Adapted from a European Space Agency press release, September 26, 2014:
ESA’s Rosetta mission will deploy its lander, Philae, to the surface of Comet 67P/Churyumov–Gerasimenko on November 12, 2014. Philae’s landing site, currently known as Site J, is located on the smaller of the comet’s two ‘lobes’, with a backup site on the larger lobe. The sites were selected just six weeks after Rosetta arrived at the comet on August 6, following its 10-year journey through the Solar System.
Credit: ESA/Rosetta/MPS for OSIRIS Team MPS/UPD/LAM/IAA/SSO/INTA/UPM/DASP/IDA
The main focus to date has been to survey 67P/Churyumov–Gerasimenko in order to prepare for the first ever attempt to soft-land on a comet. Site J was chosen unanimously over four other candidate sites as the primary landing site because the majority of terrain within a square kilometre area has slopes of less than 30° relative to the local vertical and because there are relatively few large boulders. The area also receives sufficient daily illumination to recharge Philae and continue surface science operations beyond the initial 64-hour battery-powered phase.
Final confirmation of the primary landing site and its landing scenario will be made on October 14 after a formal review, which will include the results of additional high-resolution analysis of the landing site and its back-up conducted in the meantime. Should the backup site be chosen at this stage, the landing attempt can still take place on November 12.
Links: the ESA press release, including links to further resources on Rosetta and Philae and this short movie showing Philae’s planned descent.
Author Alex Filippenko’s recent talk “Discovering Our Celestial Connections: New data on Exploding Stars, Exoplanets, and Black Holes from UC’s Lick Observatory”, recorded at LinkedIn headquarters, is available to view below or here (approx. 1 hr 27 minutes).
Adapted from a CERN press release, September 18, 2014:
The Alpha Magnetic Spectrometer (AMS) collaboration has recently presented its latest results. These are based on the analysis of 41 billion particles detected with the space-based AMS detector aboard the International Space Station. The results provide new insights into the nature of the mysterious excess of positrons observed in the flux of cosmic rays, which, according to some models, might be evidence of dark matter (see Section 16.4, p. 428). The findings are published in the journal Physical Review Letters.
Cosmic rays are particles commonly present in the Universe, consisting mainly of protons and electrons, but there are also many other kinds of particles, including positrons. Positrons are the antimatter counterparts of electrons, with the same mass but opposite charge. The presence of some positrons in space can be explained from the collisions of cosmic rays, but this phenomenon would only produce a tiny portion of antimatter in the overall cosmic ray spectrum. Since antimatter is extremely rare in the universe, any significant excess of antimatter particles recorded in the flux of energetic cosmic rays indicates the existence of a new source of positrons. Very dense stars, such as pulsars, are potential candidates.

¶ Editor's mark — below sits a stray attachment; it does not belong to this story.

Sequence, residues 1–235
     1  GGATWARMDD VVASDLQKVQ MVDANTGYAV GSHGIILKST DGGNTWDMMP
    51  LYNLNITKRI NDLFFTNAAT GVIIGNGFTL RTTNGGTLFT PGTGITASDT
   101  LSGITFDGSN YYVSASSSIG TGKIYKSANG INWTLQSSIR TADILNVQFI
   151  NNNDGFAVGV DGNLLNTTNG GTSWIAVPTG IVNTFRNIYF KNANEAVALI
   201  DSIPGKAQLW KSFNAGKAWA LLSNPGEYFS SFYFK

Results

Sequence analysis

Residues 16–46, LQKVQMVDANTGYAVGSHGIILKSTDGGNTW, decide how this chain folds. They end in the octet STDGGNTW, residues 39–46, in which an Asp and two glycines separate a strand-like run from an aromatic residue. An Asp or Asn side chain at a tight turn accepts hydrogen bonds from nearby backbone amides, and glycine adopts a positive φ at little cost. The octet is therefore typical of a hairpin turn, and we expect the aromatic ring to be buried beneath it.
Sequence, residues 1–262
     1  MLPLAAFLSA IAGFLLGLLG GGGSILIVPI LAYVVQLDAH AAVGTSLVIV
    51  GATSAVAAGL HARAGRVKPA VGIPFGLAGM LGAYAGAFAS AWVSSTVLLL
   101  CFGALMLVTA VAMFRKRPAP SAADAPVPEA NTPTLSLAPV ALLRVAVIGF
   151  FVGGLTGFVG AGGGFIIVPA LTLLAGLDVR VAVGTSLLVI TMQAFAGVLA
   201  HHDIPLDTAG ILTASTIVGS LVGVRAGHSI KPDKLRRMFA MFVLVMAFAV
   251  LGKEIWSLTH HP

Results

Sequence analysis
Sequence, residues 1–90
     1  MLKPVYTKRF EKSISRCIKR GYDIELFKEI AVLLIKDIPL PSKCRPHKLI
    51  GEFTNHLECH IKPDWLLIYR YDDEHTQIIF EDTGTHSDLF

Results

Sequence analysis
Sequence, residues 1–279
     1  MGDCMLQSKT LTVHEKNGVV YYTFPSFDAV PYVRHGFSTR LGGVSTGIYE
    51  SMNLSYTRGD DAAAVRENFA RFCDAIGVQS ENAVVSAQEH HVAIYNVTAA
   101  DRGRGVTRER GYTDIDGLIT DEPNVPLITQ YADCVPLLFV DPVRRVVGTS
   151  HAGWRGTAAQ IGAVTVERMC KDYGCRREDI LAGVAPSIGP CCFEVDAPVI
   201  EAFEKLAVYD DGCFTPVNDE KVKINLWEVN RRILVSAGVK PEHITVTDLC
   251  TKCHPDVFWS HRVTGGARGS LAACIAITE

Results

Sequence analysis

The AMS experiment is able to map the flux of cosmic rays with unprecedented precision and in the results published last week, the collaboration presents new data at energies never before recorded. The AMS collaboration has analyzed 41 billion primary cosmic ray events among which 10 million have been identified as electrons and positrons. The distribution of these events in the energy range of 0.5 to 500 GeV shows a well-measured increase of positrons from 8 GeV with no preferred incoming direction in space. The energy at which the positron fraction ceases to increase has been measured to be 275±32 GeV.
This rate of decrease after the “cut-off energy” is very important to physicists as it could be an indicator that the excess of positrons is the signature of dark matter particles annihilating into pairs of electrons and positrons. Although the current measurements could be explained by objects such as pulsars, they are also tantalizingly consistent with dark matter particles with mass of the order of 1 TeV. Different models on the nature of dark matter predict different behaviour of the positron excess above the positron fraction expected from ordinary cosmic ray collisions. Therefore, results at higher energies will be of crucial importance in the near future to evaluate if the signal is from dark matter or from a cosmic source.
Links: Full CERN press release.
In Physics Today, July 2014, Clive Speake and Terry Quinn describe how measurements of G, Newton’s constant of gravitation, have not improved in accuracy as much as might have been expected since Cavendish used the idea to ‘weigh the Earth’ over 200 years ago.
Link: the Physics Today article.
The International System of Units (SI, from the French Système International d’Unités) is about to be radically redefined. The seven familiar base units will be replaced by constants of nature that are, on the whole less familiar to the general public. No more will mass be defined by a kilogram in a vault in Paris.
David Newell of the National Institute of Standards and Technology (NIST) explains the proposed changes in this article in Physics Today.
A new interactive posting from National Geographic tells the story of the twin Voyager spacecraft, sent to explore the outer planets and the edge of our Solar System.
Links: The Voyager feature on the National Geographic website; a short movie.